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Opposition to TikTok aims to stifle competition

By Tom Fowdy | China Daily Global | Updated: 2020-08-06 09:57
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The logo of TikTok is seen on a screen in this picture illustration taken February 21, 2019. Picture taken February 21, 2019. [Photo/Agencies]

The drama in the saga concerning popular social media app TikTok continues, with United States President Donald Trump first setting a 45-day deadline for Byte-Dance, TikTok's parent company, to sell its US operations, and then demanding that a share of the sale proceeds be paid to the US Treasury.

Speculation continued to mount over TikTok's talks with US technology giants amid reports that the company may relocate its headquarters to London, an announcement that drew a positive response from British Prime Minister Boris Johnson, but was criticized by the Conservative Party's anti-China fringe.

Amid this controversy, there is one strategic point that observers have failed to notice in regard to disdain for TikTok and the challenge the app poses to the global allied surveillance and data sharing network known as Five Eyes.

With a Reuters report having stated that Microsoft may be looking to buy TikTok's operations in Australia, Canada and New Zealand, a clear pattern emerges.

While critics argue (without evidence) that the app is sharing data with China, in practice these countries are disdainful of a major social media network that doesn't fall under their own data collection systems. That is why there is an obsession with having a US tech giant control it.

The US crusade against TikTok is simply about preserving American technological hegemony and aggressively stifling competition.

The fact that the US president himself is using threats and coercion to push this deal through is self-explanatory, not least as much as it is an unacceptable abuse of power by the American government to undermine rival companies.

TikTok is a video-sharing app. While it is commercially successful, it does not appear to be a "strategic technology" like Chinese telecommunications giant Huawei that can change the balance of power between two countries. So what is the issue that links it to great power politics?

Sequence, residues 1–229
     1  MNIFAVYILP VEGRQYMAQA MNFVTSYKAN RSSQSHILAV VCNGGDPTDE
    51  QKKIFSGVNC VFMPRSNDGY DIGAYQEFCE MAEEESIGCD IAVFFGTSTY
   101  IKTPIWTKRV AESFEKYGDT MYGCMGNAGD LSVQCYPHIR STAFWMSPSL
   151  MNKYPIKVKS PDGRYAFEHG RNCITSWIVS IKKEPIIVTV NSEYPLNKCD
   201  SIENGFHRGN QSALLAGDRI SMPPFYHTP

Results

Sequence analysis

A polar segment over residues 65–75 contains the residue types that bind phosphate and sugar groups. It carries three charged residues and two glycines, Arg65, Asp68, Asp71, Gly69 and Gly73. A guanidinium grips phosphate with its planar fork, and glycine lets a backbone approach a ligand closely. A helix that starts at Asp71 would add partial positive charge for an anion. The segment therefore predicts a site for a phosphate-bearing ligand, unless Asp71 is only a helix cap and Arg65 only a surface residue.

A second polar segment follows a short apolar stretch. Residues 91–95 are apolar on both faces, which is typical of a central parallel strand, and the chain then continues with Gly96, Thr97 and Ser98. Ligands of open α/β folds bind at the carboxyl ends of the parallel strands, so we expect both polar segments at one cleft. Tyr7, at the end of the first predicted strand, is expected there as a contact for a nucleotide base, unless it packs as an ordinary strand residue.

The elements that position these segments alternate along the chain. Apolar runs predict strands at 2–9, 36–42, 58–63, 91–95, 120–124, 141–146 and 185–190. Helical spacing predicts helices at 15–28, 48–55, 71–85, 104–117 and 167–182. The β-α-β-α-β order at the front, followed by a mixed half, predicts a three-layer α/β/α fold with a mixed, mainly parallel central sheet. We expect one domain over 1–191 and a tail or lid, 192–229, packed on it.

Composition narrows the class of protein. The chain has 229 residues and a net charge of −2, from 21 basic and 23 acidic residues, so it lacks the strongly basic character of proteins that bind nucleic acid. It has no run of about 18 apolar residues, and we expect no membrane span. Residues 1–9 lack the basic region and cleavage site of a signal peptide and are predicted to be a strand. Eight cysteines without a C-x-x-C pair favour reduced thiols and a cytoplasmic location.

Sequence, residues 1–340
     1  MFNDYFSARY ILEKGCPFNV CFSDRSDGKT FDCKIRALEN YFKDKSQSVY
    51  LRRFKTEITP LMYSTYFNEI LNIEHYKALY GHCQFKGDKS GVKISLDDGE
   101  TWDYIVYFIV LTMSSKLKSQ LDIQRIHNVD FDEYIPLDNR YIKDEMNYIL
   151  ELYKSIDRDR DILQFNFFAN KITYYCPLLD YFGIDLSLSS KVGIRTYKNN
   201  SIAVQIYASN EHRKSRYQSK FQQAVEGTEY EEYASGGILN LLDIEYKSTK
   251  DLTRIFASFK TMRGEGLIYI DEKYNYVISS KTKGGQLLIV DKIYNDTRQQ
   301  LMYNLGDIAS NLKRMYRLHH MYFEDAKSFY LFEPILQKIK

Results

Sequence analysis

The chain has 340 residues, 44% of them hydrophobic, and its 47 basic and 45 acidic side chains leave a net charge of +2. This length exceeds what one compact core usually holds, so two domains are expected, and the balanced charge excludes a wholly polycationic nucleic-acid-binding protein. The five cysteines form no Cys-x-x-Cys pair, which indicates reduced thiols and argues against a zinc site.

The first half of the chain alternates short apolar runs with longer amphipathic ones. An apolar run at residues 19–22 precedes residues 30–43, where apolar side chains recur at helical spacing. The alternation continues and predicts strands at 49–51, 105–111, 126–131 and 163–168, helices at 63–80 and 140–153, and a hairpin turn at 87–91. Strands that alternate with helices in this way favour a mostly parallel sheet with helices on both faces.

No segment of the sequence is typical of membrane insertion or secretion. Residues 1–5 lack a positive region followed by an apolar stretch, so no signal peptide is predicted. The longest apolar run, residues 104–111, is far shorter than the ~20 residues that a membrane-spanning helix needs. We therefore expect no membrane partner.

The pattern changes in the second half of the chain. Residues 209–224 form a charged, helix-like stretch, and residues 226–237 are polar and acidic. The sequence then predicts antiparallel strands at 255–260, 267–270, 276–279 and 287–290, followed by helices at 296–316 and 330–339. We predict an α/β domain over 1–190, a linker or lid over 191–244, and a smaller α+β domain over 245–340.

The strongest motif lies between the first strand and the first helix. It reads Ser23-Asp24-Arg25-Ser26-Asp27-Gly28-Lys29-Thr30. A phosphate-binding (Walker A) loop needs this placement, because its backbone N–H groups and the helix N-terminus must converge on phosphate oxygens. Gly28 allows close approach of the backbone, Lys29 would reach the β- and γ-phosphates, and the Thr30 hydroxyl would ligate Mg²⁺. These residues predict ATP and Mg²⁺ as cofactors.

The answer is data-albeit from a different angle. TikTok is the first globally successful social media app that exists beyond the power of US technology giants.

Its rise to become the most downloaded app in the world is not a surveillance threat (as this has never been proved), but it undermines the global surveillance operations of America and its allies by putting a new generation of young people beyond their reach.

In the US, PRISM and ECHELON, both surveillance programs, harvest data from Silicon Valley giants and distribute it among the other Five Eyes partners: Australia, Canada, New Zealand and the United Kingdom. Google, Microsoft, Facebook and others participate in this.

It is imperative for the US and its allies to keep this system in place by ensuring that global social media remains under their control, giving them a strategic hold over the entire world.

TikTok challenges this not because it allegedly shares data with China, but because it denies them access to data of their own citizens. It exists beyond their sphere of political power.

That is why the US is obsessed with ensuring that a US company such as Microsoft controls it, so that TikTok becomes co-opted by default (as Microsoft is a participant) in these programs, thus allowing the National Security Agency to gain insight into 80 million Americans that they previously did not have.

This explains why its potential sale may expand into three of these other countries as well.

Attacks against the app are a form of projection. It's not so much about "China stealing data" (for this is just a politicized story), but the fact that the US government itself cannot do what it accuses Beijing of in this instance.

This makes sense when one understands the broader scope of the technology war to effectively be the Five Eyes coordinating against Chinese technology companies, as has been done with Huawei.

These five countries build their power by maintaining dominance over all communications and networks as part of a global surveillance effort. China is only a threat because its technological successes have challenged this monopoly.

As a result, TikTok has a five-eyed monster coming after it that isn't trying to protect the data of users, but trying to steal the data for its own nefarious purposes.

The writer a British political and international relations analyst. The views do not necessarily reflect those of China Daily.

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